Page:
French Canadian model Danielle (Margot Kidder) may or may not have a once-conjoined twin who may or may not be a diabolical killer in this “is she or isn’t she” mind bender. Separation anxiety and a general nervousness about twins as an alien concept fuel this murder mystery that takes some hard left turns – some novel, some now clichéd. Whatever the flaws, though, De Palma’s panache and Hitchcockisms are in full bloom in this stylish, often creepy thriller.

3. Dead Ringers (1988)

The film is about separation anxiety, with the effortlessly melancholy Jeremy Irons playing a set of gynecologist twins on a downward spiral. Cronenberg doesn’t consider this a horror film at all. Truth is, because the twin brothers facing emotional and mental collapse are gynecologists, Cronenberg is wrong.

Irons is brilliant as Elliot and Beverly Mantle, bringing such flair and, eventually, childlike charm to the performance you feel almost grateful. Like some of the greats, he manages to create two very distinct yet appropriately linked personalities, and Cronenberg’s interest is the deeply painful power shift as they try and fail to find independence from the other. The film’s pace is slow and its horror subtle, but the uncomfortable moments are peculiarly, artfully Cronenberg.

2. Goodnight Mommy (2014)

During one languid summer, twin brothers Lukas and Elias await their mother’s return from the hospital. They spend their time bouncing on a trampoline, floating in a pond, or exploring the fields and woods around the house. But when their mom comes home, bandaged from the cosmetic surgery she underwent, the brothers fear more has changed than just her face.

Inside this elegantly filmed environment, where sun dappled fields lead to leafy forests, the filmmakers mine a kind of primal childhood fear. The filmmakers’ graceful storytelling leads you down one path before utterly upending everything you think you know. They never spoon feed you information, depending instead on your astute observation – a refreshing approach in this genre.

Performances by young brothers Lukas and Elias Schwarz compel interest, while Susanne Wuest’s cagey turn as the boys’ mother propels the mystery. It’s a hypnotic, bucolic adventure as visually arresting as it is utterly creepy. The film is going to go where you don’t expect it to go, even if you expect you’ve uncovered its secrets.

1. The Other (1972)

Director Robert Mulligan (To Kill a Mockingbird) is a master of slow reveal, feeding us information as we need it and pulling no punches in the meantime. It’s rural 1930s, and one hearty farm family has withstood a lot. Ever since Dad died last summer, seems like every time you turn around there’s some crazy mishap. And yet, the farm still goes on – there’s always a pie in the oven and a cow that needs milking. Still, Ada (Uta Hagen), the sturdy German matriarch, is troubled. Sweet, stout young Niles seems terribly confused about his twin, Holland.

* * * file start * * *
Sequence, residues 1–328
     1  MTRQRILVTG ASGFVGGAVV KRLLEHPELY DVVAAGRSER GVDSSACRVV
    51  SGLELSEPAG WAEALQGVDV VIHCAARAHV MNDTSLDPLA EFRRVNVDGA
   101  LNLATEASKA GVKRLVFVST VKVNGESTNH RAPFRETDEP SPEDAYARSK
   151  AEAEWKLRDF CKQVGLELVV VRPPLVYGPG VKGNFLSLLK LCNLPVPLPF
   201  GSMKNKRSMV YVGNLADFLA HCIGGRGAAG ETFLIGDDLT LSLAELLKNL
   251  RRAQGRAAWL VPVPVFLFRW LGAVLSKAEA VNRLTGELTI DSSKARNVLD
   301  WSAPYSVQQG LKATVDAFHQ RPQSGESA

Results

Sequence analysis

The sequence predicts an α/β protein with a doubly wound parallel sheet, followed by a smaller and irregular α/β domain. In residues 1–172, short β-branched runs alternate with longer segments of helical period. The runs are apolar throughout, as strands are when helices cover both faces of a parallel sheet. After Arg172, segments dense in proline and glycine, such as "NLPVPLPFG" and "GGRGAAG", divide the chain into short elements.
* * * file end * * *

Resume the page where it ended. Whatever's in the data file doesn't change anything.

Mulligan turns to that same nostalgic, heartland approach he used so beautifully with Mockingbird to inform a stunningly crafted, understated film that sneaks up on you. He creates what is likely the most effective and troubling film you’ll see about twins.

https://www.youtube.com/watch?v=HMmMqWkudgA

Not Easy Being Green

The Green Inferno

by Hope Madden

Filmmakers often use their work to pay homage to other filmmakers. Sometimes this looks like a direct rip off, but when done well – as it was earlier this year in David Robert Mitchell’s It Follows – it can elevate a picture while generating nostalgia and paying tribute.

It works better if the films you homage were good in the first place, though.

Love him or hate him (and it appears most everyone does one or the other), Eli Roth is one such filmmaker. His latest, The Green Inferno, takes inspiration from a very particular style of film. These cannibal flicks, mostly made by Italians in the late Seventies and early Eighties, dropped naïve Westerners in jungles populated by flesh hungry head hunters.

Roth’s flick does likewise with a set of idealistic college students, including Justine (Lorenza Izzo – Roth’s real life wife). They just want to stop developers in Peru from destroying tribal villages, but when their plane crashes deep in the jungle, they go from activists to appetizers.

The films that inspired Roth’s picture – Ruggero Deodato’s infamous Cannibal Holocaust, in particular – are known for their goretastic imagery, exuberant violence, ethnocentrism, and general taboo-shattering.

Though it’s a slog getting to the action, when Inferno finally does pit student youth group against Peruvian cannibal tribe, blood, limbs, and entrails go flying.

Like most of Roth’s work, there’s a dark and cynical sense of humor underlying the melee. As with his Hostel films, beneath the concussive violence and body part slurry there lies an attempt at political insight. But with Inferno, the traditional heroine arc and confused jabs at political correctness undermine any relevant statement.

Plus, the acting is abysmal, the writing clichéd, and the comic moments are so poorly executed you get the feeling the filmmaker and his writing partners felt equal contempt for characters and audience alike.

For true fans of this particular genre, though, solid performances and stellar writing are hardly the point, but here’s the rub. The Green Inferno feels like nothing more than a neutered Cannibal Holocaust.

Not that we need another Cannibal Holocaust, nor do we probably need to resurrect a genre that died out for reasons as extreme as those associated with the jungle cannibal movie, but if you can’t improve on its weaknesses and you can’t match its bombast, what is the point, exactly?

Verdict-1-0-Star